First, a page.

“What’s on the other side of sugar?”

Laura repressed a lot of things.

Her marriage, her ambitions, her feelings.

She was taught by her parents to stuff things down. She was taught to think her wants were selfish. To speak up for herself was considered selfish if it would “disturb the peace.” Things were a certain way and Laura had a duty to preserve that way.

She let a bad marriage go 10 years because of this mindset and worldview.

With few outlets, Laura turned to food for relief.

In a backward sort of way, she could enforce a sense of control over satisfaction, which was largely absent in her life. Food provided what life could not. Or so she thought.

As is to be expected, food got the best of her.

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Progress Isn’t Linear

Your life isn’t linear.

Progress is not linear.

Nothing is inevitable. Your current state does not define a future outcome, nor does it represent a fixed identity.

We must embrace the lows, we must scrape and fall, in order to grow. Growth may only occur from investing in your vulnerabilities, in your weaknesses, in the unknown.

How could you possibly know how to deal with the unknown until you face it?

Your inability to immediately master a foreign concept or problem doesn’t render you weak or stupid; it renders you fierce for facing it. Stare it dead in the eye and your confidence will grow. You’ll come back to center when you see that on the other side of fear is life per usual, only a little different.

You’ll have gained something. An understanding, intuition, dexterity…confidence. Commit to the process. Face your fear.

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7 Reasons Why You Don’t Need to Exercise to Lose Weight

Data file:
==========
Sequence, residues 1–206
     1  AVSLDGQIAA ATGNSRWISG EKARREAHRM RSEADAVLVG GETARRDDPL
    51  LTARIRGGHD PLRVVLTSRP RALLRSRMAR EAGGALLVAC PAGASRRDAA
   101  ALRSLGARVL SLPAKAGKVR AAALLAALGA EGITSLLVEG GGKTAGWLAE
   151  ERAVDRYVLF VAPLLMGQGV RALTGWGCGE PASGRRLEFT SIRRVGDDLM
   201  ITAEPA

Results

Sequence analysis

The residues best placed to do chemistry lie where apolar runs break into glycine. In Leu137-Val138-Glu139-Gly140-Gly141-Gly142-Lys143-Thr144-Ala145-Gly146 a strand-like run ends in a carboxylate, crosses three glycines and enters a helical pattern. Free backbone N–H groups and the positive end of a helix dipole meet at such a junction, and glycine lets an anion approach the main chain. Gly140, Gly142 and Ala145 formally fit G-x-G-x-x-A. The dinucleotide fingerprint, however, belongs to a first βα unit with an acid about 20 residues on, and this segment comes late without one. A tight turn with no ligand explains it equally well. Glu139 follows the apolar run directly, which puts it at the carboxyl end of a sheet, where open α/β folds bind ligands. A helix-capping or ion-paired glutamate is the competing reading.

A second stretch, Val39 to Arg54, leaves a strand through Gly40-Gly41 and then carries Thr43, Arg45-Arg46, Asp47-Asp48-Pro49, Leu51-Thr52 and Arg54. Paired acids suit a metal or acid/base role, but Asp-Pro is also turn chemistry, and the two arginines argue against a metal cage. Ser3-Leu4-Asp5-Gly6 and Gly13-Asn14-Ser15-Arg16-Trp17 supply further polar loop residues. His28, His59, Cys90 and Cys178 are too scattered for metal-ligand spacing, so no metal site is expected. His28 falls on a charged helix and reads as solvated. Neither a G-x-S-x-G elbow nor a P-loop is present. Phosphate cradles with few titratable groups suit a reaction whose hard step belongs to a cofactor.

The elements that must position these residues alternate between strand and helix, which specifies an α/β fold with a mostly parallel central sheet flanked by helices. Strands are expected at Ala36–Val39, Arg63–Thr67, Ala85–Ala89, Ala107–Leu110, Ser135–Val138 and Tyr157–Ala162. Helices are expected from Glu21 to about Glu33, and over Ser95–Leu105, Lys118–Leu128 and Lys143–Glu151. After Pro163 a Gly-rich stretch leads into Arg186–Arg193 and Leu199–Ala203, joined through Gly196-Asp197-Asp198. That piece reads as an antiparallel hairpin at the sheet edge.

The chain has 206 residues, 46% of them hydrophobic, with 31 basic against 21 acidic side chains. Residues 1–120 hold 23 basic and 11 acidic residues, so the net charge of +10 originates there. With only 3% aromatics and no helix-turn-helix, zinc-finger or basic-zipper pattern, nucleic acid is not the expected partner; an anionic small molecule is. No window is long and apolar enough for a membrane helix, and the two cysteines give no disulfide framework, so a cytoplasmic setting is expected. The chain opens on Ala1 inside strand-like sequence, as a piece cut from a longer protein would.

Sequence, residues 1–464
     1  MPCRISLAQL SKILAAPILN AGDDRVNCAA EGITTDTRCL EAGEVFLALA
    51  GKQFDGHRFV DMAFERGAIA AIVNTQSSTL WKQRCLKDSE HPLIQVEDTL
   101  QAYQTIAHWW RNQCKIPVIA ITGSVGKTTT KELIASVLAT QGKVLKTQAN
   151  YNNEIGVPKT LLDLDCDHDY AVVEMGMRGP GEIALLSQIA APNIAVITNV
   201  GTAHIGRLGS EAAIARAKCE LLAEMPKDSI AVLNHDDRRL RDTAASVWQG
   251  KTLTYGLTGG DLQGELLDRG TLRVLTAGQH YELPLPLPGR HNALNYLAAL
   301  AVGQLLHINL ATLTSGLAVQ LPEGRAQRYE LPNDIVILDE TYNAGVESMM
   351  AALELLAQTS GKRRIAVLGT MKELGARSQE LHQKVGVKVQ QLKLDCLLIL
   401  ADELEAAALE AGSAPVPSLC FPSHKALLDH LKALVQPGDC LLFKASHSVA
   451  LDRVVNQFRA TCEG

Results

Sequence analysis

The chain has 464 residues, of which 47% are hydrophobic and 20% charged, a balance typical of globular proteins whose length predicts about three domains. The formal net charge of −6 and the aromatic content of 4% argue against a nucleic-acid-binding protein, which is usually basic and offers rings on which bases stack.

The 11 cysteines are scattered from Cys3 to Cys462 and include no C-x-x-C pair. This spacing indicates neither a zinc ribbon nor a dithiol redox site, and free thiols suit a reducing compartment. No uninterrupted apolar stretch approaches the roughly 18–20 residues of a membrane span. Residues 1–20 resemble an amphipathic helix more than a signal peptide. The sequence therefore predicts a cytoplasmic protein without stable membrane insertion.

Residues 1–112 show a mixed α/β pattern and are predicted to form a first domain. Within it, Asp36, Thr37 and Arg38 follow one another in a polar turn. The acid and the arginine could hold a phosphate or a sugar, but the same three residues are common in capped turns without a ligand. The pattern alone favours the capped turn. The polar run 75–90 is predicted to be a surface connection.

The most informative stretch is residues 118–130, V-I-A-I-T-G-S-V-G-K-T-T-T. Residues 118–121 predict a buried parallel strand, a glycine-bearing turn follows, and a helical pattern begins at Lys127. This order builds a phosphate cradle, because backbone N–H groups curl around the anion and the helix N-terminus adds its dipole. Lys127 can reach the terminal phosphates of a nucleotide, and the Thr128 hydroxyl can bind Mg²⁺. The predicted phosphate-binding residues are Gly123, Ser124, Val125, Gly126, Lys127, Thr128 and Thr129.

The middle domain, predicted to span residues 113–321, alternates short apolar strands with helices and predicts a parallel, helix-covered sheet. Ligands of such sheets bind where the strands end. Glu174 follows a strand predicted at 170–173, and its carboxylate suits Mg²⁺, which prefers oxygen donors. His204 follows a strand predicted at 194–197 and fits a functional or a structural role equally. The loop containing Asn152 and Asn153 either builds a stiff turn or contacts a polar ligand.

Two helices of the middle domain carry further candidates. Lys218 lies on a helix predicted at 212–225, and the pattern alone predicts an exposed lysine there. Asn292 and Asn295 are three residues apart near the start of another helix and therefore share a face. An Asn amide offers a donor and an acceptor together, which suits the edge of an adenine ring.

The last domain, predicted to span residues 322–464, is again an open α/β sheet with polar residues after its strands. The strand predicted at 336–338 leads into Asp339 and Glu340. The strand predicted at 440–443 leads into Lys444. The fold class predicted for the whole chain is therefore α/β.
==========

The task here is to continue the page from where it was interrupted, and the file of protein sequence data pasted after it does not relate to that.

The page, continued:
Without fail, all of my clients lose weight without even trying to lose weight, and without any formal exercise besides walking and some light cardio or aerobics a few times per week.

Question: Do you think you need to exercise every day to “be healthy”? Are you fixated on the outcome of losing weight? Do you value quick weight loss over learning, adopting, training, and mastering an entire new life-skill (“being healthy”)?

I’m here to discuss your relationship with food and the process toward mastery, as opposed to chasing desired outcomes (i.e—losing weight, looking good, feeling good, etc.)—all of which will happen if we construct a lifestyle and mindset that support success.

If you’ve been reading my stuff for a while, then you already know my stance: “Dieting” is fundamentally at odds with learning and is the explicit reason why you haven’t been successful achieving or maintaining health and happiness.

Regarding diet and exercise and everything else the media pushes at you…

Your goal should not be to lose as much weight as quickly as possible; your goal should be to master your diet. Exhausting yourself to death at the gym confuses your bodily needs and, paradoxically, will make you fat.

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You Have a Relationship with Food

The education system missed a fundamental component of teaching skills: there’s a relationship between you and the thing you’re doing, the instrument you’re holding, the task at hand.

If you think of skill acquisition as a relationship, one that needs attention and cultivation and constant reinvention, perhaps this whole dieting thing will be an easier concept to digest. (Horrible pun intended.)

Rather than approaching your diet with a “dieting mentality” – forcing something that doesn’t feel right, I encourage you to treat your relationship with food as you would a relationship with a person. Ultimately, you are. You’re cultivating a deeper relationship with yourself.

Why do people throw themselves so hopefully into new relationships, only to undermine themselves?

Why does that sound eerily like dieting?

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Fixed Mindset vs Growth Mindset

One of the most important concepts I teach my clients is the difference between the “fixed” mindset and the “growth” mindset.

It’s a bit like “nature vs nurture”:

People with a fixed mindset believe that you have fixed qualities. Your intelligence, character, and personality are what they are, because that’s how you were born. They’re unchangeable.

People with a growth mindset believe that your basic qualities are things you can cultivate through your own efforts. Everyone can grow and change through application and experience.

Which one would you instinctively say resonates more with you?